Out of confusion, he brought Amanda’s brother and father to Maryland because both were carriers of the Li-Fraumeni syndrome gene. But in the power generation test, both showed a rapid energy rebound that was different from hers. Neither of them complained of severe fatigue.
The exception remains Amanda.
Huang now has compelling evidence that Amanda’s energy problems—both at a cellular and functional level—are caused by something else. But what?
Around the same time, in 2017, Huang accidentally received another email. NIH researcher Brian Walitt, Ph.D. I heard Huang was studying energy production within mitochondria.
Wallett is interested in the topic because he is organizing an in-depth study of a small number of patients diagnosed with chronic fatigue syndrome admitted to an NIH research hospital. Also called myalgic encephalomyelitis or ME/CFS.
This information piqued Mr. Huang’s curiosity: What if Amanda, a patient with an unusual cancer syndrome, also suffered from a disease like ME/CFS that causes chronic fatigue?
He then began thorough biochemical research. He found that cells taken from Amanda’s skin seemed to produce excess amounts of a protein called WASF3. While studying the inside of Amanda’s mitochondria, Huang and his colleagues finally saw something surprising: a stick wedged between the spokes of a bicycle wheel. Excess protein can actually interfere with the gears of energy production.
Mitochondria produce energy through the process of cellular respiration, which converts oxygen and glucose into energy-carrying molecules. At the center of this chemical chain reaction is a biochemical giant called the mitochondrial supercomplex.
Amanda’s overproduction of protein severely clogged this supercomplex. “It actually brought everything to a crashing halt,” Huang said.
Extensive laboratory work confirmed and extended this finding. In cell culture dishes, excess WASF3 reduces cellular energy production, while inhibiting cell proliferation produces more energy. Like Amanda, the mice that produced too much protein quickly pooped what they ate and spent about half the time on the wheel as normal mice.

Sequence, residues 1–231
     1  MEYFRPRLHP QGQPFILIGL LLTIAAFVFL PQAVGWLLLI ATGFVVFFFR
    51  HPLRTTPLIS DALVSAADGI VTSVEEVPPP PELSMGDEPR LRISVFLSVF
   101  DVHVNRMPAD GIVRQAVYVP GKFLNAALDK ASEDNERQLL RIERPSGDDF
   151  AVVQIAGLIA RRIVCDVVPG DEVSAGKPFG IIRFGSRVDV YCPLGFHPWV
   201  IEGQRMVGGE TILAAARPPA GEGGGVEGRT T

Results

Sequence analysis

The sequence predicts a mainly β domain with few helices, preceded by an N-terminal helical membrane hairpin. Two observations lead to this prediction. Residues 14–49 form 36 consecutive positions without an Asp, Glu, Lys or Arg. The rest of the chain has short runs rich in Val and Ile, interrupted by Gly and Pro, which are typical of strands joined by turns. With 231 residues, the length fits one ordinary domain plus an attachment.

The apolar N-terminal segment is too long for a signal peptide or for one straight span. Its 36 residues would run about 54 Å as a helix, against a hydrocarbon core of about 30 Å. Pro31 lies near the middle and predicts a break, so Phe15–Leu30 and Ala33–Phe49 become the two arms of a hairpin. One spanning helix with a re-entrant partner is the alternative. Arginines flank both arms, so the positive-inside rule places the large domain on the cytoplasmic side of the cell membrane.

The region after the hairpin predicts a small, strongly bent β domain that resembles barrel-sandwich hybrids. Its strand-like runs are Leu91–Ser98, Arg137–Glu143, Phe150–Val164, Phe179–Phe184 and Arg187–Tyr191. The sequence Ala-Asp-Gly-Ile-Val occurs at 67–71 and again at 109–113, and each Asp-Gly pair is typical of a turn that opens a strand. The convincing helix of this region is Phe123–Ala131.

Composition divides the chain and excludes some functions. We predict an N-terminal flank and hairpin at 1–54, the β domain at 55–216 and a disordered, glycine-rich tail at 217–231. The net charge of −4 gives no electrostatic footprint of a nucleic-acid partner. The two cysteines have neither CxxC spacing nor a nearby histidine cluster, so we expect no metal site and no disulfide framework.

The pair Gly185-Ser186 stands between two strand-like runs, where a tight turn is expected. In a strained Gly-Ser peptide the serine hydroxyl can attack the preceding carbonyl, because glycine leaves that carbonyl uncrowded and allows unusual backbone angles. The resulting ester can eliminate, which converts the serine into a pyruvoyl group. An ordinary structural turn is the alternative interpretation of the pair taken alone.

Finally, a chance opportunity expanded Hwang’s research from a single patient to an entire patient population: He obtained muscle tissue from Walitt’s patients with chronic fatigue (ME/CFS).
Nine of the 14 people had similar levels of WASF3 to Amanda, and on average, their levels of the protein were higher than those of healthy volunteers. Although the sample size was small, the findings suggest that suppressed energy production is prevalent in ME/CFS patients.
The investigation that began with Amanda’s case culminated in August with an article by Huang and colleagues in The New York Times. science magazine Proceedings of the National Academy of Sciences. Scientists working in the small field of ME/CFS are excited about the discovery, which suggests a potential and much-needed treatment strategy.
ME/CFS is common—2.5 million Americans have the disease, according to a 2015 report from the Institute of Medicine—but it’s also often misunderstood.
Research in this area has been poorly funded, and diagnosis is often delayed or never reached at all. Studies show that up to half of patients with long-term COVID-19 infection meet this diagnosis, and the epidemic has caused a sharp increase in the number of ME/CFS patients. There is no blood test to identify the disease, and there is no Food and Drug Administration-approved treatment, let alone a cure. Approximately 25% of people with ME/CFS are bedridden.
“What motivates me most right now is developing treatments for this disease,” Huang said. His small lab of four scientists is planning a clinical trial of a recently launched drug to treat another disease.
“In medicine, the most surprising discoveries sometimes come from individual patient cases,” the scientist said.
As for Amanda, who has been feeling unwell for decades without a proper diagnosis, she believes her personal story has finally been legitimized and featured in a major scientific journal..
“There’s a big difference between cancer and chronic fatigue syndrome, and her rheumatologist eventually added that diagnosis to her medical history,” Amanda said. When you have cancer, everyone believes you, but No one believes you when you say you have chronic fatigue syndrome. Now I can finally say: This is not psychological, I am not a storyteller! “Now we have a scientific explanation.”
(Translated by Jaime Alambide)